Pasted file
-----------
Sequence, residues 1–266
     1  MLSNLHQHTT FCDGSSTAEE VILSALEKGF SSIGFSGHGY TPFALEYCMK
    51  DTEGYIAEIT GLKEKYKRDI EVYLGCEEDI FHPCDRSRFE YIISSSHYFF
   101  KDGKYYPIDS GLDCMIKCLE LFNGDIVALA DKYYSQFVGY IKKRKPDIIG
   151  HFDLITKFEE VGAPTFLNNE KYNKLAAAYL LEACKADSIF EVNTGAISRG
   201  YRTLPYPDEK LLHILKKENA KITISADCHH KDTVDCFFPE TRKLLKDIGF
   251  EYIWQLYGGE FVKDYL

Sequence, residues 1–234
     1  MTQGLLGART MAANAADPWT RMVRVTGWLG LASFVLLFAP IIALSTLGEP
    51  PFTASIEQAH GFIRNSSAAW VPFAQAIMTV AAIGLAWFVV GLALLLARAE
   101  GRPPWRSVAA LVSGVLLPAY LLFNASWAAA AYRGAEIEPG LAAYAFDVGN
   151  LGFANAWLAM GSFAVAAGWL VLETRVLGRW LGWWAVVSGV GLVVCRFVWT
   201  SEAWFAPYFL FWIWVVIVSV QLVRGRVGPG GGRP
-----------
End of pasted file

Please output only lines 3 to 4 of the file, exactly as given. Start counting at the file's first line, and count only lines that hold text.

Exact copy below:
    51  DTEGYIAEIT GLKEKYKRDI EVYLGCEEDI FHPCDRSRFE YIISSSHYFF
   101  KDGKYYPIDS GLDCMIKCLE LFNGDIVALA DKYYSQFVGY IKKRKPDIIG